The threat posed by al Qaeda terrorism around the world continues to increase despite President Barack Obama's recent claim that the central group behind the Sept. 11, 2001, attacks is on the path to defeat, according to U.S. and foreign counterterrorism officials and private experts. 

Obama said in a speech to the National Defense University May 23 that because of the death of al Qaeda leader Osama bin Laden and most of his top aides, "we are safer." 

While terrorist threats still exist, "the core of al Qaeda in Pakistan and Afghanistan is on the path to defeat," the president said. 

However, a U.S. counterterrorism official said the threat posed by al Qaeda is growing. "From Africa to Pakistan, it is spreading systematically," the official said.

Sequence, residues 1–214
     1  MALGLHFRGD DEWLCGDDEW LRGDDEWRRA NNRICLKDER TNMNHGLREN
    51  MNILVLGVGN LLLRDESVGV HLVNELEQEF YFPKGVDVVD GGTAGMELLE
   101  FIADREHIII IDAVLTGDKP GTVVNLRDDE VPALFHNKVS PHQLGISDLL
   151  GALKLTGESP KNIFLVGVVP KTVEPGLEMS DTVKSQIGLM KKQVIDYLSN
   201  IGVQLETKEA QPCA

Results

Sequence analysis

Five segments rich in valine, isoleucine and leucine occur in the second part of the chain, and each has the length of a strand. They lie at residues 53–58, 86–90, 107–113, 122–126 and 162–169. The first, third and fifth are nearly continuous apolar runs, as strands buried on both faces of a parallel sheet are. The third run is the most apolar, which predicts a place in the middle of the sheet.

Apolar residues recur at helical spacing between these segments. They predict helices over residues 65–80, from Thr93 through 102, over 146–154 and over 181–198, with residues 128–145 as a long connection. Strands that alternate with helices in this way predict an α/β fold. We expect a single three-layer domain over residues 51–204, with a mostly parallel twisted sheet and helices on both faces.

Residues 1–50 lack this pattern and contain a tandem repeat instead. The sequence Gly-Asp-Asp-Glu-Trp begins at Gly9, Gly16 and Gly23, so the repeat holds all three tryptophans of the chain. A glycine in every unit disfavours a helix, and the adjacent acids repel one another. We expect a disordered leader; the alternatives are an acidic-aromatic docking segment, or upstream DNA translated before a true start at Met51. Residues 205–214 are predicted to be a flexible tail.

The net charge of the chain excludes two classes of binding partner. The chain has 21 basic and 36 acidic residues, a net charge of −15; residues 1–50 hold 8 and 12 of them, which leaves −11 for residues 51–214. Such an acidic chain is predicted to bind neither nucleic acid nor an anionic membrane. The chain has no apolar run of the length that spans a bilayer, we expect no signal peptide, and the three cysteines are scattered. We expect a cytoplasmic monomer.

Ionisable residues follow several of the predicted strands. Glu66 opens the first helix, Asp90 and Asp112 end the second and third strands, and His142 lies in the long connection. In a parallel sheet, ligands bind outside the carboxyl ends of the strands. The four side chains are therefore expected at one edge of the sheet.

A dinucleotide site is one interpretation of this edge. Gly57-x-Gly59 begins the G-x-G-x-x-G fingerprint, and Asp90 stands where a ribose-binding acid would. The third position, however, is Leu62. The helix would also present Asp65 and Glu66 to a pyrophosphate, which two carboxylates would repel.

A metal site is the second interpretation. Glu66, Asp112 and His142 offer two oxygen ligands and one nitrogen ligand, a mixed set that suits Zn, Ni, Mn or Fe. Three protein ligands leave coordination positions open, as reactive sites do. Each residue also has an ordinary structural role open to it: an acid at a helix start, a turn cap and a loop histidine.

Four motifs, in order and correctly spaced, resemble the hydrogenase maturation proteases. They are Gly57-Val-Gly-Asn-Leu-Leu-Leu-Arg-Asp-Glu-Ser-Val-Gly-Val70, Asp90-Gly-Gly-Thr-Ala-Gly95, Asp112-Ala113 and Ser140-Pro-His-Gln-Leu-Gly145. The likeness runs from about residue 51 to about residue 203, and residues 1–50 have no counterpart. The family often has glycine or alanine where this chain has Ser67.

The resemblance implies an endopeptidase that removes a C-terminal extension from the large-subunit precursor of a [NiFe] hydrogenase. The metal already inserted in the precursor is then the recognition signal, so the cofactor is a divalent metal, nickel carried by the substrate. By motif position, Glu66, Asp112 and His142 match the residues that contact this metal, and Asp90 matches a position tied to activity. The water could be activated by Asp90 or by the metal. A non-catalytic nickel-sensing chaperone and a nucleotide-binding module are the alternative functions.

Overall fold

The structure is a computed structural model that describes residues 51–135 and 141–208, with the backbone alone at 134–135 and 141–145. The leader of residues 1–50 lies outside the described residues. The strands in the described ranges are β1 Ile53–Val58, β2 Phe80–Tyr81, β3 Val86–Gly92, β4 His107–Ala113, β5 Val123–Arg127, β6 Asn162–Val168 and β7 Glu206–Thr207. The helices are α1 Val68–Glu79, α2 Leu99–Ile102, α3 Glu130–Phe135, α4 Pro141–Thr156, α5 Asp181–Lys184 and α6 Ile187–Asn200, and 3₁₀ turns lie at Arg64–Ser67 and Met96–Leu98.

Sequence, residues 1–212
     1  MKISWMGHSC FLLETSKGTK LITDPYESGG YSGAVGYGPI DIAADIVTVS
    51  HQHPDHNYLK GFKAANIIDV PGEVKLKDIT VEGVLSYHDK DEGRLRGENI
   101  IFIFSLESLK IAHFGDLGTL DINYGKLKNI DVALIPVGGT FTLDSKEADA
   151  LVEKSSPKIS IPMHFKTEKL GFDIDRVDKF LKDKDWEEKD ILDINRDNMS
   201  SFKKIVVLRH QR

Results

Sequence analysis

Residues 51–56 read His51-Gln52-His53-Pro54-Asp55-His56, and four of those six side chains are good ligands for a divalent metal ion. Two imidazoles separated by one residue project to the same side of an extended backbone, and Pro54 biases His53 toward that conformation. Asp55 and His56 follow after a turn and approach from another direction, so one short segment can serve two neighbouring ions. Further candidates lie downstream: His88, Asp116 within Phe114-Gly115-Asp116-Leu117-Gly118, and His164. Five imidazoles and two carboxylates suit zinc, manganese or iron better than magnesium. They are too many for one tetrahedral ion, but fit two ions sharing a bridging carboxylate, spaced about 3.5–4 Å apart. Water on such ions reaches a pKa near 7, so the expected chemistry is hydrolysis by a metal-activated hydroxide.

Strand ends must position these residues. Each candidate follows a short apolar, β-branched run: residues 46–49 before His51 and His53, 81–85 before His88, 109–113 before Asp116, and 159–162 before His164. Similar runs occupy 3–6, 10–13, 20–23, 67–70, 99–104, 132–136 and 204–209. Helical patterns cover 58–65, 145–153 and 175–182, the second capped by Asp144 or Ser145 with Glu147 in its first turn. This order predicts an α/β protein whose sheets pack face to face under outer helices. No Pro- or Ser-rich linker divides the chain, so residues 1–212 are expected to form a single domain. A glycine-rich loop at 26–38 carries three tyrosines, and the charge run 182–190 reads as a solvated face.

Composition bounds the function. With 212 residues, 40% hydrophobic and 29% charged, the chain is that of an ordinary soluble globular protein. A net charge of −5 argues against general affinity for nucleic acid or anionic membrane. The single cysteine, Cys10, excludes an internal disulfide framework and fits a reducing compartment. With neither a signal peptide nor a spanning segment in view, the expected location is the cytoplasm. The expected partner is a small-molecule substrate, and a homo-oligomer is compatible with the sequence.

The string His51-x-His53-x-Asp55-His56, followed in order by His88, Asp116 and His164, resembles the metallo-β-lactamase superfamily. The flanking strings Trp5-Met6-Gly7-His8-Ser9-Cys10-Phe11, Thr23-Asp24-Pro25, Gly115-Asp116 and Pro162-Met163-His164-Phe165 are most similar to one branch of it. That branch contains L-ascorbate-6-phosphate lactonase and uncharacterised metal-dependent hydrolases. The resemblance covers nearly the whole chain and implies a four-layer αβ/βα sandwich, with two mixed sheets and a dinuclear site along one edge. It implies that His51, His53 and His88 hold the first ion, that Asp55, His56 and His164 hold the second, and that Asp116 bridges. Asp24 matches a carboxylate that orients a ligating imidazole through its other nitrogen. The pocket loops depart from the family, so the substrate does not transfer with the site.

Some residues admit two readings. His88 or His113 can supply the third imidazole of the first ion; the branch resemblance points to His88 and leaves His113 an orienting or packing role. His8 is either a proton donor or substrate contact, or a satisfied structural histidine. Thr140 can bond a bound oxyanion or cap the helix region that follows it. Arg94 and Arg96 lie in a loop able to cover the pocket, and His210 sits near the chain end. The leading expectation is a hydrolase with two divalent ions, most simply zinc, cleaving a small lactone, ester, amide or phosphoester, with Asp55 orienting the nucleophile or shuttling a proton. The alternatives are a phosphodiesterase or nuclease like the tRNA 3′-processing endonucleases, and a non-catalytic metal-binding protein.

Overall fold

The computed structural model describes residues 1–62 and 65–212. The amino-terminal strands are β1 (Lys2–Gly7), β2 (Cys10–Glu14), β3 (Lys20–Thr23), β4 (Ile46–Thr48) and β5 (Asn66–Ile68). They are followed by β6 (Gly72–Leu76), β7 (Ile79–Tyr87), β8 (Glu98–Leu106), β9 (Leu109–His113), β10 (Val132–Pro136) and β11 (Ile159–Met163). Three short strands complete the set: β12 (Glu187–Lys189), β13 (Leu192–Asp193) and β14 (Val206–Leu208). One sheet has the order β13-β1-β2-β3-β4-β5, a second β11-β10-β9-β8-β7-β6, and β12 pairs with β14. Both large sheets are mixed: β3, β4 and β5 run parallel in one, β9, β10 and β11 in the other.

The official blamed the Obama administration policy of focusing its counterterrorism efforts almost exclusively on central al Qaeda. 

The focus on Pakistan and Afghanistan resulted in a lack of targeted counterterrorism efforts in other locations, the official said. The official added that counterterrorism efforts have been weakened by the administration's policy of dissociating Islam from al Qaeda and other Islamist terrorism. The policy was a key effort of John Brennan, White House counterterrorism chief during the first Obama administration. As CIA director, Brennan has expanded the policy of limiting links between Islam and terrorism at the agency. 

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